For centuries, people have had different views about how criminals should be treated. In this course, we will look at how the correctional system functions by examining the purpose of corrections; we will also examine criminal justice and corrections as a system in itself. There are three dominant perspectives in corrections – reform, repression and sociological. What does each one mean? How do they affect correctional officers' decisions and attitudes? This course will also examine what individuals are in the prison system as well as discuss the many challenges corrections professionals face on a daily basis.
From Vengeance to Reform: An Historical Perspective
Thousands of years ago, the ancient Greeks and Romans took the law into their own hands -- punishing criminals as they saw fit. Eventually, societies and the justice system evolved, and instead of getting revenge on their own, people turned to the law. In this course, we will look at legal codes from the ancient world and examine if any of their philosophies have carried over into today's system. What is the relationship between social contexts and the justifications for punishment through various means necessary?
The Development of Corrections in the United States
How has corrections developed in the United States over time? Is the prison system really that much different now than it was back during Colonial times? This course will look at large penitentiaries such as Sing Sing and the Auburn prison -- which implemented a silent system back in the 1800s. We will also compare rehabilitation, punishment of women and geographic differences, as well.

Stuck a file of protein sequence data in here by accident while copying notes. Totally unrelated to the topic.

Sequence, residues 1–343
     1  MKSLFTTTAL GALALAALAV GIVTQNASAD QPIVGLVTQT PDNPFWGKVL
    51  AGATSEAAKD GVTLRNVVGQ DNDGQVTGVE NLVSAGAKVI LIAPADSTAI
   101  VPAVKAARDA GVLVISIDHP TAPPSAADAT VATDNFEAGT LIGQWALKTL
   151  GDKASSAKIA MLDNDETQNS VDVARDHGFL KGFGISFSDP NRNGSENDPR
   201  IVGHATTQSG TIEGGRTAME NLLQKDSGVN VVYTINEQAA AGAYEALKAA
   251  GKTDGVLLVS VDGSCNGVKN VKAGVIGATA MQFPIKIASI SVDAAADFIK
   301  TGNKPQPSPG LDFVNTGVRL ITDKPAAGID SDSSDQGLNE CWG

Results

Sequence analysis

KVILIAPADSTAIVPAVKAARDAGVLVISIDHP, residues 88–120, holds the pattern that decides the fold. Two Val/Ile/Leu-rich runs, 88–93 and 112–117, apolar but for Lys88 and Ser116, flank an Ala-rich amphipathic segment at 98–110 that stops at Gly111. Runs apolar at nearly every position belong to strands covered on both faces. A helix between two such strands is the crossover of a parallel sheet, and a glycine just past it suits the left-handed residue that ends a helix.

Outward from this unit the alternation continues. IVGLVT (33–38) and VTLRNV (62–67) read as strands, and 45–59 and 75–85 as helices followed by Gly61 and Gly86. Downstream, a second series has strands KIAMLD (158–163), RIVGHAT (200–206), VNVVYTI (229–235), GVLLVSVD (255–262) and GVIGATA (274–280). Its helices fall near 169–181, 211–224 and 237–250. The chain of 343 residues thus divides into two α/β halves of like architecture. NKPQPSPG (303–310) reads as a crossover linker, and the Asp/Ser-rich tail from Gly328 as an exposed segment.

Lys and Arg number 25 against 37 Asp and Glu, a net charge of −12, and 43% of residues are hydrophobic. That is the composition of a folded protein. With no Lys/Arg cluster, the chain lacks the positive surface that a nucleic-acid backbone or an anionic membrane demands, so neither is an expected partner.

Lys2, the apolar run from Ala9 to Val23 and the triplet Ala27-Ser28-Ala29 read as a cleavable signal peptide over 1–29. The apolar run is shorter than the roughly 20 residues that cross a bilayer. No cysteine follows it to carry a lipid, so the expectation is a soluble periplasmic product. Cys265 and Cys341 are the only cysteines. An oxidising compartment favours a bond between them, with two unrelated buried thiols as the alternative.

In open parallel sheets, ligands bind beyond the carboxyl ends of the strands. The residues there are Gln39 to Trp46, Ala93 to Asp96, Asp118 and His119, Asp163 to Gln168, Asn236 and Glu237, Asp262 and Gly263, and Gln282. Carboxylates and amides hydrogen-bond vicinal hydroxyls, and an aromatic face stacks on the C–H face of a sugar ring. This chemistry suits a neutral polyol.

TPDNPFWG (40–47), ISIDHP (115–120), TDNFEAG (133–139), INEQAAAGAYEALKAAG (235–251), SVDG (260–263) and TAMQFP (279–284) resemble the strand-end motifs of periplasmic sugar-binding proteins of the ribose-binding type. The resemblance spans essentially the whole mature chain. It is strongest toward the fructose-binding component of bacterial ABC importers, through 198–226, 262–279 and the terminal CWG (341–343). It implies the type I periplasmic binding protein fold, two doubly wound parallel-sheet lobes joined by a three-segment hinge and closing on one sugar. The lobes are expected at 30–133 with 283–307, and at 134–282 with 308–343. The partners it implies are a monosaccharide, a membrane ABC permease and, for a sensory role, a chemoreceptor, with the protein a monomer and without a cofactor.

The Punishment of Offenders
Retribution -- the original goal of punishment -- remains the primary goal for many today. While some people want only the worst for the individual who did them wrong, many people believe all humans have the ability to change and to better themselves. We will discuss retribution as well as examine the different forms of punishment -- diversionary programs, fines, probation, intermediate sanctions, confinement in jail, incarceration in state or federal prison and the most serious punishment, the death penalty.
This course provides an overview of the historical and social contexts of the American correctional system, including a historical perspective, the development of corrections in the United States, the role of imprisonment in its development and the punishment of the offenders.
By the end of this course you will know that the question of how criminals should be treated has been at the heart of prison reform for decades. Further, you will learn about how the use of public executions in many early societies was intended to deter future criminal acts.
You will also understand that the Pennsylvania penitence model believed isolation was beneficial in reforming the prisoner, however, community-based corrections were the most influential developments in the twentieth century. Initially, retribution was the original goal of punishment. Today, many believe it is still the goal. You will also learn that forms of punishment vary within jurisdictions. Included are different diversion programs, imposed fines, suspended sentencing through probation, local jail incarceration, incarceration in state or federal institutions, and, ultimately, the death penalty. Sentencing structure varies throughout the United States and indeterminate sentencing is practiced in over 30 states.